Written by Sisse Siggaard Jensen
Cand.mag. & dr.phil.

“Abstract art entices us to go beyond the surface, to delve into the layers of meaning and
symbolism that lies beneath. It is a language of the soul, where words fail and feelings speak volumes.”

Mia-Nelle Drøschler, Ambæk Mark


It was a windy day; I had to keep my hat and glasses on when I got out of my car to
interview Mia-Nelle, who is a newly moved artist at Jungshoved, mind you, if you can
call it newly moved in when it’s been well over 2 years since Mia-Nelle moved here. It had become too expensive to have both a studio and a home in Copenhagen, so Mia-Nelle and her husband Svenn returned the look towards the more rural – first in the direction of North Zealand, but gradually also Sydsjælland and finally Jungshoved. Out in the field with high to the sky and surrounded by fields is the farm on Jungshoved that she eventually chose to move into with her husband and a little one curious and attentive dog.

The farm lies with distances and air around it; it creates the calmness that is so crucial for Mia-Nelle in working with her art. In an outbuilding to the farm, I find Mia-Nelle, who is working on one of her many and diverse works of art in the studio.


Mia-Nelle is a multi-artist who ranges widely when she weaves with threads of paint or others materials that create artistic expressions drawn from such diverse art forms as abstract painting on canvas and on walls, sculptures and poems with illustrations – she has a long list on her CV references to all the many exhibitions, grants and stays at foreign institutes, for example the Danish Institute in Rome, which has shaped the journey along the way to become an experienced artist. Not only paintings on canvas have inspired her work, which, as mentioned, she has also embarked on large public murals such as “It’s time Holger Danske wakes up”, in collaboration with Helsingør municipality (2019) and “Under the surface the sky is always blue,” in Copenhagen municipality (2016).

The murals require ideas and visions and painting techniques that make it possible to translate the visions into reality large pictorial weavings that almost resemble tapestries. You sense that concentration and physical energy that is needed when it is up and down stairs many, many times, while ideas and visions drive the process forward. Mia-Nelle’s pictures are often in large formats, it’s in big arm movements she paints, so the murals make a lot of sense when you also know hers other arts.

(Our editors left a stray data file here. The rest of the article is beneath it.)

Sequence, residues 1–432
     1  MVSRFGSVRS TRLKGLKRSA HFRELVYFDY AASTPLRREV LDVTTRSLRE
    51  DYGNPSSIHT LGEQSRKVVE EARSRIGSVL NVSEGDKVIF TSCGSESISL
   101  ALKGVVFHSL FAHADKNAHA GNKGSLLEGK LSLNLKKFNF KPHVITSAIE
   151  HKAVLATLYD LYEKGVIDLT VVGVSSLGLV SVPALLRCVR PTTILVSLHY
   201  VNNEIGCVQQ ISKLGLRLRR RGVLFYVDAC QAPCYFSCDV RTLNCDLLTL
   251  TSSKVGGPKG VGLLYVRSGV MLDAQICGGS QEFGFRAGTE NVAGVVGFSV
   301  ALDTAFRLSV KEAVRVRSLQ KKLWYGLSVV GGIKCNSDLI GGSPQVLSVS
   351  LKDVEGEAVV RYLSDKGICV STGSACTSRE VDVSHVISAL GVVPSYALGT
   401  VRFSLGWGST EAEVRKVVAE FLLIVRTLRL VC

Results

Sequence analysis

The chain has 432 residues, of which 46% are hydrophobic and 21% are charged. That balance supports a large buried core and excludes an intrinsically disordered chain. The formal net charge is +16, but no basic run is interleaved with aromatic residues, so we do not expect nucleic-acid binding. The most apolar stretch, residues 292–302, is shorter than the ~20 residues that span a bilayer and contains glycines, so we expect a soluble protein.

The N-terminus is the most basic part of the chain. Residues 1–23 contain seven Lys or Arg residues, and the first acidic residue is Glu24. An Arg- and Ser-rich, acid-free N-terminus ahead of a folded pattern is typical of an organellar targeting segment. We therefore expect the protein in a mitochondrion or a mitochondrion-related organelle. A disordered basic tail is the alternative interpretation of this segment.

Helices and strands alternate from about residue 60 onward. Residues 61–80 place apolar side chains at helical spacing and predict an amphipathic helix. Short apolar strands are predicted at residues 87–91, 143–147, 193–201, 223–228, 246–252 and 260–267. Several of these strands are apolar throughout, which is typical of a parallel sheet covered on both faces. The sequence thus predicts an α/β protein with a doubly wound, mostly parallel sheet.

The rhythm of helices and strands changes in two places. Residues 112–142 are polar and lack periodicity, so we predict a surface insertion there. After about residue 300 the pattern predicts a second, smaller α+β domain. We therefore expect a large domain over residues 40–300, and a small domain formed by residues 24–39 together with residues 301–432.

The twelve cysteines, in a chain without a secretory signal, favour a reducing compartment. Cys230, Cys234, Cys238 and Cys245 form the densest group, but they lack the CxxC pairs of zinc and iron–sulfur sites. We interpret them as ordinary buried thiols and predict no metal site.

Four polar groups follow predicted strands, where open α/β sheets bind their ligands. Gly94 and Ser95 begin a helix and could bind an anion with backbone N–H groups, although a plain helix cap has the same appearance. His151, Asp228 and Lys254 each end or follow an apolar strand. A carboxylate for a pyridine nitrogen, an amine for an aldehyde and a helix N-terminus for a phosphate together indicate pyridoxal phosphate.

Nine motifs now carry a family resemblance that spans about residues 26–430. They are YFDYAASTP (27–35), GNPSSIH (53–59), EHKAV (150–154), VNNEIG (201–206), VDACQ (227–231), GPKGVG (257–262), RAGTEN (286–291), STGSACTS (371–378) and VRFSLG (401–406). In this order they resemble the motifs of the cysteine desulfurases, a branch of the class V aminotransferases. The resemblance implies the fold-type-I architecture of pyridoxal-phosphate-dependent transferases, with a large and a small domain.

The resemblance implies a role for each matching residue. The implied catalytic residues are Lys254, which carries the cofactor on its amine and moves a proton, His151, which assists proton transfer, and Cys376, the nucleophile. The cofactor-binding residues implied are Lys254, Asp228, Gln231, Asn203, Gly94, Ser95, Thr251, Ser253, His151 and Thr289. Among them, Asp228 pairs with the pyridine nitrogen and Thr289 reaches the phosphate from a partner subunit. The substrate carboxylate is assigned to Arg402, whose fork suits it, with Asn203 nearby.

There are also poems with illustrations on the CV – the collection of poems “Love, love, love” (2022) was published by the publishing house Silkefyret – Mia-Nelle actually wanted to become a writer as a child, but she changed direction after teaching visual arts at the end of primary school – funnily enough, she stayed taught by the artist who designed the mural on the former Merchant’s Yard in Jungshoved City. As if that is not enough, she has also added sculpture and performance to her artistic expression.


One should not be mistaken; behind the dynamic and abstract expression lies a network of knowledge and experiences that are the result of “hard schooling.” Mia-Nelle draws on knowledge of color theory, composition, perspective, materials, and she has many years of experience in translating this knowledge into paintings through painting techniques and craftsmanship. It is a knowledge and foundation that allows her as an artist to seek new paths, experiment with new materials, new forms of expression, but with a grounding in classical theory and practice. A foundation she gained during her education, which concluded in 2010 at “Fine Art,” Goldsmiths University of London – an internationally recognized art institution.


A work of art is, in essence, an exploration of a concept; it is with the concept and the colors that the paintings begin, says Mia-Nelle. There is an exploration of existential life questions both behind and in her paintings, where especially the colors speak a language of the soul; subconscious and intuitive aspects of our lives speak through the colors, as she expresses it: “Kandinsky paints the soul,” so the spiritual is the concept Mia-Nelle is currently exploring; but not in a religious sense, rather as the spiritual that conveys that we as humans connect with each other and with nature. It can be described as Mia Nelle’s quest for subconscious and collective experiences shaped as archetypal figures inspired by depth psychology as formulated by psychiatrist C.G. Jung (1875-1961).